Roger Munnings: That's exactly right. If you speak to representatives of either government, they are very keen to do more business between the two countries providing sanctions aren't infringed. I spoke to the British ambassador in Russia the other day and I said I'd like to say that the British government was keen to introduce trade between the two countries and he said yes you can, subject to sanctions. But the problem is that if Russia is constantly getting a bad press, which it does in the UK, if there are very serious issues which separate the two countries and are not being talked about at the highest level  — then boardrooms are quite understandably nervous about investing in the country.

    So they don't bother to make the journeys that are necessary, they don't bother to build the relationships that are necessary, to take advantage of the very clear opportunities in a country which is trying to increase its GDP from around $8,000 per head to more western levels of around $30,000 per head. Companies who have already invested in Russia understand that it's possible to do business there to a high standard without infringing any of the values that you would have as a British business.

    Sputnik: Brexit is seen as a big opportunity for Russian to become an alternative trade partner, and Boris Johnson is going over there next month. Do you hope he will make a big difference and maybe Liam Fox will follow up with trade talks?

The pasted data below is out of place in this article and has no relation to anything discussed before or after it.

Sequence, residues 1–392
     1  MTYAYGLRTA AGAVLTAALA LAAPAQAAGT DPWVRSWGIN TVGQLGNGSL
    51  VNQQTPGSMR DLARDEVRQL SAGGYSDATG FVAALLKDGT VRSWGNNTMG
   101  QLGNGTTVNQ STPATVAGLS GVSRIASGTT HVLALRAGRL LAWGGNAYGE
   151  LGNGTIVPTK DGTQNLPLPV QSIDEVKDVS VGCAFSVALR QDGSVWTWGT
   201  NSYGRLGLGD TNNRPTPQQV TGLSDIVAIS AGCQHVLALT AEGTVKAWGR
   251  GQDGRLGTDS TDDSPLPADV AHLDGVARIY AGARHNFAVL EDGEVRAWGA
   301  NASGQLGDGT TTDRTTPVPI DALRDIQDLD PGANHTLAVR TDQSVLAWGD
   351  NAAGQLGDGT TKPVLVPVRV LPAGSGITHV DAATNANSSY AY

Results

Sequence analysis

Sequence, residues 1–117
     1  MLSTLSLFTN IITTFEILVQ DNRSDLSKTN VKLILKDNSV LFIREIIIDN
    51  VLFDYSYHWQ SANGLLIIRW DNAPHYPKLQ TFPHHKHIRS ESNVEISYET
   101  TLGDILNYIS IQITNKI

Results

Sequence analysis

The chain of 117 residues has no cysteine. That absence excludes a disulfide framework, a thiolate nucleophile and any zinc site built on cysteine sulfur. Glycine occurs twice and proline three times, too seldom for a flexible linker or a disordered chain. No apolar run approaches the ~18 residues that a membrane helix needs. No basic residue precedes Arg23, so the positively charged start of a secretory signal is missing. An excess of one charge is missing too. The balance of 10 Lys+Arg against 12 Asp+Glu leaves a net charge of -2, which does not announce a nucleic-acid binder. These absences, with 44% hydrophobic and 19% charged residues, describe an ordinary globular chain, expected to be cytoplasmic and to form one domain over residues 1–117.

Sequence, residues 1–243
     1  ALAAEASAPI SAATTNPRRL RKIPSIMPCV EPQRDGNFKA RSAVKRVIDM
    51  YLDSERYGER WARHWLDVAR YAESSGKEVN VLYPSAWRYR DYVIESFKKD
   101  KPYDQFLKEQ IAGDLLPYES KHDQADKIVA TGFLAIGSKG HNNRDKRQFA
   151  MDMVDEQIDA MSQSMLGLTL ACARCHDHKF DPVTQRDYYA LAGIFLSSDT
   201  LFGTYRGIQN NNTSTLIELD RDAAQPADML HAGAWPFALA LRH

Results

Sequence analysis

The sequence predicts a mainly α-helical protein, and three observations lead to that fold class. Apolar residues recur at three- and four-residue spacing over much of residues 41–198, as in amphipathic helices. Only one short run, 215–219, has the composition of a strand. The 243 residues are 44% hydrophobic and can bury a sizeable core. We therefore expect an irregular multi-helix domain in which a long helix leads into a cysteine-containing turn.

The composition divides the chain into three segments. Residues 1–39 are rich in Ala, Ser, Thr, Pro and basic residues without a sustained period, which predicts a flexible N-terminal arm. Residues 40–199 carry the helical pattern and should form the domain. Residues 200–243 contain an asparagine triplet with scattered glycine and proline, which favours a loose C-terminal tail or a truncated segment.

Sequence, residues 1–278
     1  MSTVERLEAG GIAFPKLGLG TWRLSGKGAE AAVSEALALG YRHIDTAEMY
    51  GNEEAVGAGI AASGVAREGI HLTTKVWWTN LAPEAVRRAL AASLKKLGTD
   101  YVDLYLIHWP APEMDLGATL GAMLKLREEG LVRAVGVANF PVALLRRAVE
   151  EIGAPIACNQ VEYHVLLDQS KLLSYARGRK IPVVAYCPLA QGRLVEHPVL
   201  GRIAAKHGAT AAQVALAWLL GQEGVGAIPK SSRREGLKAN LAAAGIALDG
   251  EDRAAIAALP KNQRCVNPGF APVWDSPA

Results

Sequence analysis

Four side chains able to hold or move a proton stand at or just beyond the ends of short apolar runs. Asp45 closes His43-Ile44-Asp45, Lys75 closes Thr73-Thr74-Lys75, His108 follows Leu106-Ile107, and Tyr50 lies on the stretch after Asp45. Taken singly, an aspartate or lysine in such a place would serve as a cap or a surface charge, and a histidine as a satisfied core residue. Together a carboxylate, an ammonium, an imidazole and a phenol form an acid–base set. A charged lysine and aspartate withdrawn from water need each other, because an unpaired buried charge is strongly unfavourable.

Roger Munnings: What I hope most of all is that when the Foreign Secretary visits [Russia] he establishes the relationship with mutual respect with his counterpart so they can discuss difficult issues. Businesses are generally comfortable when there is an umbrella where discussions on difficult issues are taking place over time. I see Brexit slightly differently. Brexit is going to require British companies to think adventurously and be faster on their feet — all of which is good.

    Because the newer economies companies, like those in Russia and China, don't have the British legacy they are fast on their feet and if we can get to the stage that we are as quick and as flexible and effective as some of the best ones there, then I think we can make bridges for doing business together and increasing wealth and the well-being of the population, which is what business is about.

    • Prince Michael of Kent speaks at the Russian-British Business Forum in London
      Prince Michael of Kent speaks at the Russian-British Business Forum in London
      © Sputnik / Justin Griffiths-Williams
    • Russian-British Business Forum in London
      Russian-British Business Forum in London